Ray Dalio, the secretive and eccentric billionaire founder of Bridgewater Associates, wasn’t talking about a deal or a trade, but instead “a calmness” and his ability to “operate in harmony with reality.”
Dalio spoke recently at an event in New York City hosted by the David Lynch Foundation, a group founded by the filmmaker that aims to bring Transcendental Meditation to poor children, veterans, and other at risk populations. Dalio and Sorkin are just two of the legion of famous practitioners of Transcendental Meditation, the meditation practice founded Maharishi Mahesh Yogi and first popularized by the Beatles in the 1960s.
Sorkin said he started meditating a year and a half ago following an interview he did with Dalio, while Dalio started 42 years ago. “The Beatles were doing it and it caught my attention, it sounded good. I started it and it worked,” he said.
TM which is learnt from a certified trainer, involves two 20-minute sessions every day and access to a state of restful alertness — what Dalio described as “the void” or what Norman Rosenthal, a psychiatrist who has written about Transcendental Meditation, called “coherence” between the electrical waves coming from different parts of the brain.
Dalio offers Transcendental Meditation training to his entire company. “They pay for half, I pay for half so I know they have some skin in the game,” Dalio said, adding that the practice has been catching on at Bridgewater. Olivers’ the healthy fast food people in Australia also introduced TM. According to someone familiar with the company, Bridgewater only started offering the classes in the last few years and Dalio has only recently become a more public advocate for Transcendental Meditation.
Bridgewater has a famously secretive and intense culture based on what’s supposed to be entirely honest, open criticism between employees up and down the ranks — and Dalio credits Transcendental Meditation with allowing his 1,300-person firm to operate the way it it does. Dalio said that there’s usually an “ego barrier” that inhibits honestly discussing disagreement which meditation can help break down. “Because of that calm equanimity, we can have those conversations that’ve been integral to whatever success we’ve had.”
“When you go into a void, it not only gives you relaxation, it gives you access to that neo cortex and that imagination. You come out of those things with insight,” Dalio said, explaining how Transcendental Meditation allows him to solve problems, even saying that he’ll “just break off” and go into meditation in the middle of the day when he confronts stress and anxiety.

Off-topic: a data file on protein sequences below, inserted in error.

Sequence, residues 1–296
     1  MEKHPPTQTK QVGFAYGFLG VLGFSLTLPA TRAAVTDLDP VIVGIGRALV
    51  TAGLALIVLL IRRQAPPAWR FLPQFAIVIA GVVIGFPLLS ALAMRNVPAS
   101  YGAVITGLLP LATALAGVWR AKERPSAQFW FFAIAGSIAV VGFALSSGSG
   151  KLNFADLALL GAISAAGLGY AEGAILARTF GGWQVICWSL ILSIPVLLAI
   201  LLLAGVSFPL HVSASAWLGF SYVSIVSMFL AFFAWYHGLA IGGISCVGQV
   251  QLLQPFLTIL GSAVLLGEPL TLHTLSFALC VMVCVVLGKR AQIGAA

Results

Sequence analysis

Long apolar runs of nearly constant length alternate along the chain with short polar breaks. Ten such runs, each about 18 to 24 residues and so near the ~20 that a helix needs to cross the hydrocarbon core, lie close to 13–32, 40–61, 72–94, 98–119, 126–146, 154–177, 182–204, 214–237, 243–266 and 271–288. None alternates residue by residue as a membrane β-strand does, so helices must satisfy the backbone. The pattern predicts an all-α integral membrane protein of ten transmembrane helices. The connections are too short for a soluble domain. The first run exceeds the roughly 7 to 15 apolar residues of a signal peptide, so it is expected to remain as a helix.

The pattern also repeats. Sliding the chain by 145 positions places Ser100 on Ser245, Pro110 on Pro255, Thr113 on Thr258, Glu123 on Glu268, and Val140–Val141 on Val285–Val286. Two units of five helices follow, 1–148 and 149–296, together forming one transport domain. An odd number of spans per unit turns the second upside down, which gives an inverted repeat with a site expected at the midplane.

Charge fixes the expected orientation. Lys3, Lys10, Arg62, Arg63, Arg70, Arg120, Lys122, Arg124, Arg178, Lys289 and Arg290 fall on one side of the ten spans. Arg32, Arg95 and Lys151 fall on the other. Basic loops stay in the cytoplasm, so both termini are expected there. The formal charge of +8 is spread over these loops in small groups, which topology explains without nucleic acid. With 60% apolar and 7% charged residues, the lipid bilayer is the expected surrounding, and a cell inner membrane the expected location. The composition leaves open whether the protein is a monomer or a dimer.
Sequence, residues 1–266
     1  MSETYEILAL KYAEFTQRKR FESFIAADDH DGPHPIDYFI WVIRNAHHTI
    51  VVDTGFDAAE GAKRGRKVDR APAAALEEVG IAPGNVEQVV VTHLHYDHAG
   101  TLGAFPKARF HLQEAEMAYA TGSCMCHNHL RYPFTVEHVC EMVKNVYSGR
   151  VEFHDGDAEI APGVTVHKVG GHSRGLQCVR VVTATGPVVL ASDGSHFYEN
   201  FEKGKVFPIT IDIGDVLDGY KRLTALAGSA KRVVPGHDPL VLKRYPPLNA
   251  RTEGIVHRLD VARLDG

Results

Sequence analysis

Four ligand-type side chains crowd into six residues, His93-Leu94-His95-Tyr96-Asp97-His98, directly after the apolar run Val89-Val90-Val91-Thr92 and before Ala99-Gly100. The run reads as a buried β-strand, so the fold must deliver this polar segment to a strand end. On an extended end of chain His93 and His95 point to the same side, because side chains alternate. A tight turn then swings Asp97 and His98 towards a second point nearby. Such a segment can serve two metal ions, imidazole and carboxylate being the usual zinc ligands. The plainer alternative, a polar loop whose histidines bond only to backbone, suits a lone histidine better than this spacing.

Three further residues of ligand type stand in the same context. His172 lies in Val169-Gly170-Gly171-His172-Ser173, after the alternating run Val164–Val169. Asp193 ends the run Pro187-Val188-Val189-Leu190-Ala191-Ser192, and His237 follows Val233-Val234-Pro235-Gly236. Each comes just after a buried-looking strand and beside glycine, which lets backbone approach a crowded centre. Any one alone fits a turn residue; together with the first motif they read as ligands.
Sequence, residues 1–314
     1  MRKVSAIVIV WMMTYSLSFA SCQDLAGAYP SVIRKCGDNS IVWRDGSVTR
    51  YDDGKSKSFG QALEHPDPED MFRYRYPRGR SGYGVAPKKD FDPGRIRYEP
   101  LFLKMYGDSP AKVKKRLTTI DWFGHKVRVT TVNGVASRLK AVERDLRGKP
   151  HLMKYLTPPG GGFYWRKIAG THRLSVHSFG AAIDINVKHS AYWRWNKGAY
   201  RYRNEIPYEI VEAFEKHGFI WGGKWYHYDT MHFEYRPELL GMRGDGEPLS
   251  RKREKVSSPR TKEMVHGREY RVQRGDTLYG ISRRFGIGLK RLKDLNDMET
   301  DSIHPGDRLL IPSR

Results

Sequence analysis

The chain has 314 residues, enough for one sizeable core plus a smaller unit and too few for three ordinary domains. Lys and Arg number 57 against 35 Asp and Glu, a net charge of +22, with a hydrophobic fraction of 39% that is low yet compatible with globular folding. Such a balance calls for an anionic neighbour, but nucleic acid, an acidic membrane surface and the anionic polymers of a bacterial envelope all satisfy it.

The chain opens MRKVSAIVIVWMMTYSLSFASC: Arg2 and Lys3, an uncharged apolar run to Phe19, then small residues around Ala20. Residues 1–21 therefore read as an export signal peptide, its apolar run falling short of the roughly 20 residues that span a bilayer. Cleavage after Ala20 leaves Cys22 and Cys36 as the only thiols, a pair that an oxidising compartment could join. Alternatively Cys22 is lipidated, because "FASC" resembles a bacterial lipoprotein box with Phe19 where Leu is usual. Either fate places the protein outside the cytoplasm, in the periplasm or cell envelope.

Dalio was later joined onstage by the restauranteur and TV personality Mario Batali, another practitioner, who said he can “meditate pretty comfortably coming down 9th Avenue on a Vespa.”Im sure he has exaggerating but by all accounts TM is super easy even a child can do TM. It will get you into the transcendental zone.
Batali decsribed himself as “by nature skeptical” (the word was used by several of the panelists) and said that he was originally turned off by the “drug-induced” connotations Transcendental Meditations had when the Beatles introduced it to the West. But now, he said, “I’m an addict! I’m here to talk about it! I don’t miss. If someone offered you freedom of something like free money or free music, you would download it!”
When Sorkin asked what Batali had been doing with those 40 minutes every day before he started Transcendental Meditation, Batali said, “I was probably tweeting.”
Sorkin, Dalio, and Batali are joined by Jerry Seinfeld, Ellen Degeneres, Russell Simmons, Russell Brand, Paul McCartney, Arianna Huffington, Dr. Oz, and, of course, David Lynch in the creative and famous who have adopted Transcendental Meditation.
Oz, who spoke before Dalio and Batali, credited the practice with real physiological effects, including “25% reductions, not insignificant reductions” in the incidence of heart attacks and strokes” and said, “Without question it seems to reduce blood pressure as much as medication.”
But Dalio offered perhaps the most compelling testimony for Transcendental Meditation’s positive effects. Dalio, who’s worth $13.8 billion according to Bloomberg, wore rubbery, inexpensive-looking shoes and sported a floppy, Neil Diamond-y haircut. He looked utterly at ease with himself.
“Reality works like a machine,” he said, slowly and deliberately. “You’re just calm and realize that’s what reality brings you. It brings you things you want and brings you things you don’t want. You just have to deal with that reality and that equanimity and acceptance of reality is much easier with meditation.”To find out more and learn TM for yourself contact a certified teacher like Suzanne Edwards in Melbourne, she has been teaching TM for 20 years so I guess she has it down pat,. Here is a video of her being interviewed about why she learnt TM.